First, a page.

Borscht Belt Humor in Breaking Up Is Hard To Do

WINTER PARK — During a cold week in January, theater goers may want to escape the frigid winds by heading inside the Winter Park Playhouse, which takes them, back to a summer, in a production set in the Catskills Mountains. It’s a Borscht Belt resort that attracts up and coming Jewish talent known for their vaudevillian comedy and vibrant singing voices. It’s September 1960, and the resort is finishing out the Labor Day weekend before closing up until next summer.

Their top talent is comedian Harvey and singer Del Delmonico, who’s certain he’s heading for the big time — certainly much bigger than a little Catskills resort. And he seems to get his big chance when resort manager Esther announces that a talent agent from American Bandstand heard about Del and will be coming up that Sunday night to see his show. If he likes it, Del could be on his way to appearing before a national TV audience, and the resort could become famous for launching his career. With their air conditioner dying, that’s no small accomplishment.

But problems arise. And it’s not just the resort’s problematic hot chili.

Breaking Up Is Hard To Day, which opened on Friday and continues through Feb. 17, is back at The Playhouse after an earlier production a decade ago, and the show’s sweet humor is just one of its main selling points.

What is Breaking Up Is Hard To Do?

This musical by playwrights Erik Jackson and Ben H. Winters manages to be a lot of things, including a nostalgic look back at those popular resorts that attracted Jewish audiences from New York City eager for a break from the summer heat, and it’s also a salute to the humor that Borscht Belt comedians made famous in their day.

Musically, though, it heartily salutes one of the most talented Jewish songwriters of our time, Neil Sedaka. Together with lyricists such as Howard Greenfield and Phillip Cody, Sedaka wrote massive early 1960s hits such as “Breaking Up Is Hard To Do,” “Stupid Cupid” and “Oh, Carol,” which are given fantastic renditions here by the cast.

While Sedaka fell out of favor in the late 1960s, he enjoyed a big revival in the 1970s, and his songs of that era — “Lonely Nights,” “Laughter In The Rain” and the showstopper “Love Will Keep Us Together” — feature prominently in the show as well. If you’re a Sedaka fan like me, you’re going to find yourself totally captivated with this production.

We follow the story not only through the eyes of the resort’s employees but also Marge and Lois, who came up from the Big Apple to enjoy the weekend, and Gabe, the resort’s handyman and Mr. Fixit who has some unique talents of his own. Everybody soon discovers that Del is as vain and shallow as he is a talented singer, and there’s love in the air in multiple ways. With the talent agent on his way, everybody has a stake in that Sunday night show.

The show’s old-fashioned, often delightfully corny humor works nicely with Sedaka’s catchy, upbeat, feel-good songs,. Of course, the Playhouse team brings their own pizzaz to this Borscht Belt weekend.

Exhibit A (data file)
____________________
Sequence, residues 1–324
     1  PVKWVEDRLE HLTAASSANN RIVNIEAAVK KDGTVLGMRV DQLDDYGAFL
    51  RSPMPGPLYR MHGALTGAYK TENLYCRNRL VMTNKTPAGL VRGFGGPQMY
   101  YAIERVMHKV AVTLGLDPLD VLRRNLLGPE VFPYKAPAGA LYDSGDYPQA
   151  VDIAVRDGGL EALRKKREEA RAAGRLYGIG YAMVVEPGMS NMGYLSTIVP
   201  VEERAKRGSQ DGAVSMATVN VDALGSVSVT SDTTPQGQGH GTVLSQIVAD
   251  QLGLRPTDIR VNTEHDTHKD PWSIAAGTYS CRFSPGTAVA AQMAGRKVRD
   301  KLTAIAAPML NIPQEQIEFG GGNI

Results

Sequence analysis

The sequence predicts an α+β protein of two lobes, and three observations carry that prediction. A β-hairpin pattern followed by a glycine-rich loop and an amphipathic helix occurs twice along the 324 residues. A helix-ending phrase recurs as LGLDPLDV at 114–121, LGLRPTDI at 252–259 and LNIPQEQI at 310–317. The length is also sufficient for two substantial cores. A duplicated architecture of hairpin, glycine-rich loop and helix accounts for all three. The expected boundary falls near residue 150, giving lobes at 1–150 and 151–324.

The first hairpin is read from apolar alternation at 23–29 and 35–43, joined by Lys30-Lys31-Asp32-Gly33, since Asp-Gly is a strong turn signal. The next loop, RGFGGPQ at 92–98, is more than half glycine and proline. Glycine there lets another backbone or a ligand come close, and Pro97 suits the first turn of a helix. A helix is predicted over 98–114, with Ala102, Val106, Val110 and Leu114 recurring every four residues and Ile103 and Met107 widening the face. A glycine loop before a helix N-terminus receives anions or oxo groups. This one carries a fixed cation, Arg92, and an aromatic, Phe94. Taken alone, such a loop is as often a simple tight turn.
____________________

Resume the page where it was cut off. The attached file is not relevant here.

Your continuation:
How is the Winter Park Playhouse’s Production?

With such good material at his disposal, director Rob Winn Anderson keeps the production lively and engaging, and he has more tools at his disposal than simply those classic Sedaka songs. The casting is perfect, and enhances your enjoyment of this show by leaps and bounds.

Both Sahid Pabon (Del) and Alexander Mrazek (Harvey) seem to be having a grand time here, and these are very funny roles, no question there. Both men not only deliver some great laughs but have a few knockout singing duets.

Kelly Wells has her own riotous moments as the kvetching Esther, and Tay Anderson (Marge) and Avianna Tato (Lois) couldn’t be better as the wide-eyed innocents from Brooklyn, who never expected to find romance in the Catskills. Ryan Matthew rounds out the cast as the shy, nerdy Gabe, the handyman who is much more talented than he initially appears. Central Casting truly delivered here.

Pabon and Tato are making their Playhouse debut with this production, and let’s hope they both come back for many more shows.

Where Can I See Breaking Up Is Hard To Do?

Breaking Up Is Hard To Do is being performed at The Winter Park Playhouse, 711 Orange Ave. in Winter Park, now through Feb. 17. Performances are Fridays and Saturdays at 7:30 p.m.,Thursday, Friday and Saturday matinees at 2 p.m. and select Wednesday and Sunday matinees at 2 p.m.   

Ticket prices are $46 for evening shows, $43 for senior tickets for evening shows, $39 for matinees, and $20 tickets for students aged 15-25, active military and theatrical industry professionals. Student rush “$10@10” offers $10 tickets (for students 25 years and younger) 10 minutes prior to a performance when seats are available. 

For more tickets and information call the box office at 407-645-0145 or visit online at .

Michael Freeman is an Orlando journalist, playwright, and author of the book A Christmas Eve Story. Contact him at

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